Two in HOOD Eleven, We are Graced by Danila Botha

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Wolf Eyes 

He loves me with all his heart. I know because he tells me everyday. He orders me romantic vintage postcards because he knows how much I love them. The latest was from the twenties, and had a cartoon of a little blond boy, with bubble gum cheeks and little beads of sweat flying off his forehead as heated up an old fashioned kettle on the stove. I’m All Steamed up for you, Valentine, it said, underneath. On the back he wrote, in beautiful looping script, You suit me to a tea, Robyn. All my love, Jack.  He buys me thoughtful gifts, like a framed black and white poster of Audrey Hepburn biking on a street in Europe. We met when I was working in a bookstore. I was wearing a black vintage dress, and he said he couldn’t believe with my dark hair and slim build, how much I looked like Audrey Hepburn in Funny Face. He was wearing silver aviator sunglasses and a blue and white plaid jacket. His hair was messy, and he had a goatee. I remember really wanting to see his eyes. He was a screenwriter, he said, and he was looking for plays or books to read as inspiration. I gave him a mix of classic plays and contemporary novels: Shakespeare, Ibsen, Kerouac’s the Dharma Bums. He was floored when I handed him a copy of Hamlet. I can’t believe it, that play changed my life when I was younger, he said. We were meant to meet. I have to take you out for coffee. 

Jack has always had a magic way of knowing how to give me exactly what I need. When things are good, he makes me feel like the most elegant, interesting, well understood woman in the world. So if people don’t think it’s enough, it’s their problem, not mine. Society’s definition of love is too narrow. I mean, look at the movies we watch. They never tell you what comes next, after you fall madly in love with someone. They fade to black at the real test of anything. 

They don’t deal with the inertia that sets in. They don’t know about the fights when he yells or cries, and you retreat into a corner, silently growing more powerful with each non -reaction. They don’t know about the passive aggressive flirting with each other’s friends. They don’t know about the time you smashed his Scotch bottle over his fancy new Ipad because you were sure he slept with your roommate from college. They don’t talk about what happens when you have no time to spend together- when he’s consumed with work and you’re unemployed, then you find a job and then you both work different hours so when you finally do see each other, you’re both too exhausted to interact. How you can live in the same house and sleep in the same bed, but live separate lives? They don’t know what it’s like to have great memories, but not enough present tense. Photoblogs with collaged images of shared interests but when you sit together on your couch there’s dead silence where conversations used to be. 

My friends don’t get the reality of these things. If they do, they don’t like to admit how hard relationships are. You have to want to stay in love with someone.  People who think he doesn’t love me don’t understand. I mean, yes, I admit it, sometimes he cheats, but to be honest, I don’t think I’ve ever been with a man who hasn’t, or wouldn’t. The intensity of the joy he gives me is worth the massive undertaking. It happens when he wrestles with and gives in to temptation. Lots of girls like him, and he meets so many actresses and would be writers who are desperate for their shot at something. He’s charming and handsome, and he’s only human. I have to be realistic.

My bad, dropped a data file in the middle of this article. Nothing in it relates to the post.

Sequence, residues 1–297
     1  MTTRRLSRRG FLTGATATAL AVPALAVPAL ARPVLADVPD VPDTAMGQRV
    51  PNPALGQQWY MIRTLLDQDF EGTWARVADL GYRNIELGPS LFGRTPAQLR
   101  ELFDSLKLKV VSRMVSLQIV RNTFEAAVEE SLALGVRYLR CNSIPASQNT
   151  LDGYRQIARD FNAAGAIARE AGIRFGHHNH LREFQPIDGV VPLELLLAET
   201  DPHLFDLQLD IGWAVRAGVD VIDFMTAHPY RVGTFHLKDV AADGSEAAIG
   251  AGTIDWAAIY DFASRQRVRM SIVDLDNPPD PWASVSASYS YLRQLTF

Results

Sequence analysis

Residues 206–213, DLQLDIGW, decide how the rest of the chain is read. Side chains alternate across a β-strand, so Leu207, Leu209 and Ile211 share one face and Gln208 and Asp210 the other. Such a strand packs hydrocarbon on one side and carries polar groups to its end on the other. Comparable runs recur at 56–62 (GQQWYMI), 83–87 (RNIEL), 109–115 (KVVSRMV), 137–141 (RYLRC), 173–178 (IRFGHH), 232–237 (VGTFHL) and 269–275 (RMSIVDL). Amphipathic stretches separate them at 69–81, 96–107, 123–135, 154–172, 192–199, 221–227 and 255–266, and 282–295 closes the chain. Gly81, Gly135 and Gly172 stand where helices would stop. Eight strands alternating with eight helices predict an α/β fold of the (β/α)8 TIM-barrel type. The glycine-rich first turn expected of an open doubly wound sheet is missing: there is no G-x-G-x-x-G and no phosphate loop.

The fact is, he fell completely in love with me. He liked my soft spoken-ness and how well mannered I was and now he says he likes my strength. He likes that I tell him what to do. He likes what I offer him emotionally and intellectually. 

He just wants them for their bodies, but beauty fades. I said that to one of them once. She was this young writer, Ariel, who claimed she didn’t know that he wasn’t single. She liked all of his pictures on Facebook, including pictures of our dogs. She was pretty in an artsy kind of way. He even flirted back with her until I made him stop. It had too much potential for public humiliation. 

I arranged to meet her at a Starbucks downtown without telling him.  I pretended to care about her, and pressed her for what had happened. He offered to take me out for drinks, on a weeknight, she said, to talk about writing. I wasn’t sure what he wanted. We weren’t alone, this poet friend of his was there too. After an hour, we held hands, and then he kissed me. He offered to drive me home, and we made out but that was it. He said he wanted to be good, which I thought meant, not sleep together on a first date. I snickered. She was hopelessly naïve. We hung out again, and he told me that he lived with his ex, and that it was complicatedAnd you believed him, I asked her, incredulous. You know we’re common law, right? We’re a family. Even if it was true, which it wasn’t, How did you think we were going to resolve our issues if he was seeing you? She shrugged. He seemed unhappy, she said quietly. Happy people don’t cheat. I felt the blood drain from my face. We are happy, I screamed. Jack and I are madly in love. I paused, waiting for the realization to set in. He told me that you were pursuing him aggressively. He told me that you wouldn’t leave him alone. You’ll end up alone, I promised her. That’s what you get when you have no morals, and you go for another woman’s man.